Tuesday, August 24, 2010

The Horn Blower

Josh shoved his hands into the pockets of his caramel colored slacks, once the button to the lobby had been pressed. He didn’t typically walk around that way, but he was afraid he might belt someone if his hands were free of his pockets.

“Happy place, indeed,” Josh thought to himself in disgust, as he stormed from the elevator. Asking him to close his eyes and visit his happy place, was like asking a quadriplegic to perform somersaults. Every time Josh shut his eyes, he relived the single most terrifying moment of his life.

He could clearly see himself leaving the Thrifty-Mart, with his bag full of frozen dinners and discount beer. He recalled mentally debating whether to nuke the Mexican Trio or the Turkey Feast for supper that night, when he heard the first loud crack. Two more cracks followed in rapid succession, chased by a searing pain in his back. He remembered the pavement racing toward his face an instant before everything went black.

Three years had past, and the memory was still as vivid as if it had happened a week ago. Now, the only psychiatrist who’d accept Medicare, was telling him to picture bikini strewn beaches in his head. He stormed from the skyscraper’s glass doors, fit to spit acid into the eyes of passers by.

At first, his rage hid the music from his consciousness. A trumpet, playing Serenade In Blue, served as soft background music to a tapestry of angry musings. As Josh approached the sidewalk of Market Street, the music began to tickle the fringes of his awareness. Each note drew him closer to their master, until he found himself staring directly down at the source of music.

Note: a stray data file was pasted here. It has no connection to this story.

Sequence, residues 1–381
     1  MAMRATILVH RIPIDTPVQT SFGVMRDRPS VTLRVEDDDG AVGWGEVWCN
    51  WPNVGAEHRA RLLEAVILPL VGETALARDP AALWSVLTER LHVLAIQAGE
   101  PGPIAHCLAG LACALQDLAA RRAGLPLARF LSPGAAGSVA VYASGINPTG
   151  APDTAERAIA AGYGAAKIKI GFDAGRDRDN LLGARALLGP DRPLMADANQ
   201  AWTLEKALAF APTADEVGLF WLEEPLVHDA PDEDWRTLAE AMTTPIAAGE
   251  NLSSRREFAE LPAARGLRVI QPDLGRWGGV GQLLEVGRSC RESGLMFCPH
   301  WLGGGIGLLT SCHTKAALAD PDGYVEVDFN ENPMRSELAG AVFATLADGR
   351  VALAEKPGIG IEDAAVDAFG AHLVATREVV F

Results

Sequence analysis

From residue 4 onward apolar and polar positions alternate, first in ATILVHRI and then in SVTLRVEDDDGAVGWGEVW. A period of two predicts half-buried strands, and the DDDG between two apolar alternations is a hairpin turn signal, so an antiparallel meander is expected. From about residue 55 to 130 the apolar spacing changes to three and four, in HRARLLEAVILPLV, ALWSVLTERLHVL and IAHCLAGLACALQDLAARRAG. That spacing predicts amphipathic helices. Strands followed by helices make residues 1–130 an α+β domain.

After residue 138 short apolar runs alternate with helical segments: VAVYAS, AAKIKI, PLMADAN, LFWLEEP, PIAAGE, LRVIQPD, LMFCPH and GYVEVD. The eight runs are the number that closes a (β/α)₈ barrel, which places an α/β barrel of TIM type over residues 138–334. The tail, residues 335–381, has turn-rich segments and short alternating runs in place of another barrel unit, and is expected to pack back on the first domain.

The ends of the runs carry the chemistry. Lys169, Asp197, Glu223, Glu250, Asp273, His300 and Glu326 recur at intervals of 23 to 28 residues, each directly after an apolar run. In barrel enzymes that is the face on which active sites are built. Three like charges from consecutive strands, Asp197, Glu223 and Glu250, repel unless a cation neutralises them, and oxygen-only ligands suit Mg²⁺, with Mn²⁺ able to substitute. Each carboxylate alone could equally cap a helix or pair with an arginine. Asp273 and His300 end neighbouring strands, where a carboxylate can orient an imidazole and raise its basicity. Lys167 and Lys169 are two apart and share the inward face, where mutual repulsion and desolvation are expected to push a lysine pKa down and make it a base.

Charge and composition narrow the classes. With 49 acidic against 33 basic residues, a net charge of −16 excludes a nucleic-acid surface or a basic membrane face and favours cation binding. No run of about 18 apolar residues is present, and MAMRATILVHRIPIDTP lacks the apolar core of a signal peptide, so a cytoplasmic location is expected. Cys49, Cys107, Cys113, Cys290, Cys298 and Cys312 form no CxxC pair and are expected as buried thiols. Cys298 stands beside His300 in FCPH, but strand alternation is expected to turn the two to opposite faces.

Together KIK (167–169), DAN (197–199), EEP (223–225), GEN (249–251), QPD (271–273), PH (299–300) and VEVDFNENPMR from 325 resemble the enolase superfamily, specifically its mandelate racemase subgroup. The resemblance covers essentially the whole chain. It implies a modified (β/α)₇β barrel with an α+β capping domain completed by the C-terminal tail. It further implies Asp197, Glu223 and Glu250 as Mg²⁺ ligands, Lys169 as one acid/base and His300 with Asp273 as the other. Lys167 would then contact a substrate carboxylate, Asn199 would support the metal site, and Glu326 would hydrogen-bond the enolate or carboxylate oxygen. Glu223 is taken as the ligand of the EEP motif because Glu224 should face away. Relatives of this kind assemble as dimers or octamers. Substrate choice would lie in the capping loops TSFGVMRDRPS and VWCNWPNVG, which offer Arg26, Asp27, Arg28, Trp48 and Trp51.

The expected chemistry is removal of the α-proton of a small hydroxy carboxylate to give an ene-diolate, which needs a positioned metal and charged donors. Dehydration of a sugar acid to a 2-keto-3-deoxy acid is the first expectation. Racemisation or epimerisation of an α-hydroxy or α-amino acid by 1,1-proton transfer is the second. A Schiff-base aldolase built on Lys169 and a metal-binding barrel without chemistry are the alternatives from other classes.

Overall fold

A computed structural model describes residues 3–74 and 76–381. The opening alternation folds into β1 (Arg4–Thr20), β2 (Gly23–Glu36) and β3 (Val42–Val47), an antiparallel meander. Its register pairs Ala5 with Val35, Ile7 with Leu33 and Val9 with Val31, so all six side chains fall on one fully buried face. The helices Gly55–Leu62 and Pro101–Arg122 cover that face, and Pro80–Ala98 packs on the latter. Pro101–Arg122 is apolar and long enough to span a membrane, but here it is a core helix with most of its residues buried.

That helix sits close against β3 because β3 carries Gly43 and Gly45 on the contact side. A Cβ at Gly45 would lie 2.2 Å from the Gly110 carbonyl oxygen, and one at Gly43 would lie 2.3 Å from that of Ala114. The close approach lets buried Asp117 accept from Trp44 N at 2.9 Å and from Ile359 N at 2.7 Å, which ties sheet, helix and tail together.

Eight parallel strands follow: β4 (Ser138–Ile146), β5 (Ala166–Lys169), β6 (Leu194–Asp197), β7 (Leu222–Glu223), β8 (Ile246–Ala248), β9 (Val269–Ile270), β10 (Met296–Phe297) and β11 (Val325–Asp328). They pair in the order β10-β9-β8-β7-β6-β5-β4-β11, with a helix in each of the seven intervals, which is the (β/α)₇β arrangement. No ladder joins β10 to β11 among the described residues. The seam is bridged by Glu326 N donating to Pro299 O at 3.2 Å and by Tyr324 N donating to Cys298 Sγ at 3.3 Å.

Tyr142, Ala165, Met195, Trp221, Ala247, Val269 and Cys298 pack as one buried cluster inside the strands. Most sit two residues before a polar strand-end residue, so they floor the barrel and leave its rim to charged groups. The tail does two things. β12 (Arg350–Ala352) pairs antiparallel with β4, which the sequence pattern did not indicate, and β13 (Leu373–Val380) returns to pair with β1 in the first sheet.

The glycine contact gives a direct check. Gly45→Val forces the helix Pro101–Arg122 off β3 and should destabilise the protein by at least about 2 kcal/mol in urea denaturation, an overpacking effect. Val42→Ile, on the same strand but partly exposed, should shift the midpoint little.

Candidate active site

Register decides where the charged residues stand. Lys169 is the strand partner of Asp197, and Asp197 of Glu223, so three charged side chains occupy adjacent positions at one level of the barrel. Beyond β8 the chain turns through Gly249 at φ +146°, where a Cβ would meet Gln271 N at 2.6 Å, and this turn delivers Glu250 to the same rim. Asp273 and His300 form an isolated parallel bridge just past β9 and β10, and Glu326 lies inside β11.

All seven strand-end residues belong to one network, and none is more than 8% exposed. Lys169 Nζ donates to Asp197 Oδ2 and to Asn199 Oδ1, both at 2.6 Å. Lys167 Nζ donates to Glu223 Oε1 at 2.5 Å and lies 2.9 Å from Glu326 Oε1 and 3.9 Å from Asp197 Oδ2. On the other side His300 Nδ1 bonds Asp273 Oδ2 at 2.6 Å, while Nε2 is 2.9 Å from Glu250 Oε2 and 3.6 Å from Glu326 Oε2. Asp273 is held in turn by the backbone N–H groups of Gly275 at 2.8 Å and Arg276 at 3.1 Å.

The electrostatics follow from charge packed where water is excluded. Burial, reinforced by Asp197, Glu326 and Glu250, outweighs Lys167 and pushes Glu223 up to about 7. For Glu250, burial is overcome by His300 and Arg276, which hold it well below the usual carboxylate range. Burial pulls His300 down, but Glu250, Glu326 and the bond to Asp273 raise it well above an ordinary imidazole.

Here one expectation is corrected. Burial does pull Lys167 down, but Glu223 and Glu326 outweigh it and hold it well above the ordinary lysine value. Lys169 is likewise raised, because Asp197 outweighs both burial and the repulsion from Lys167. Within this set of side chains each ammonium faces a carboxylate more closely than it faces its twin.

The black man’s legs were folded into yoga’s bound angel pose, as he leaned his back against the cement dividing wall, and blew expertly into his shiny brass instrument. A set of dark, almost black, fingers protruded from a pair fair raggedy fingerless wool gloves and operated the sparkling keys with precision. His cheeks puffed into replicas of plump ripe tomatoes smudged with garden soil. The glistening horn made the blower’s long musty coat and hole ridden trousers seem all the more dull by comparison. Yet, as the horn blower manipulated the instrument, which almost seemed to be a part of the blower’s body, Josh could sense a contentment emanating from the man.

With his hands still firmly in his pockets, Josh leaned his shoulder against the wall and closed is eyes, really closed his eyes. As the music filled his pores, he allowed himself to rest in the moment.

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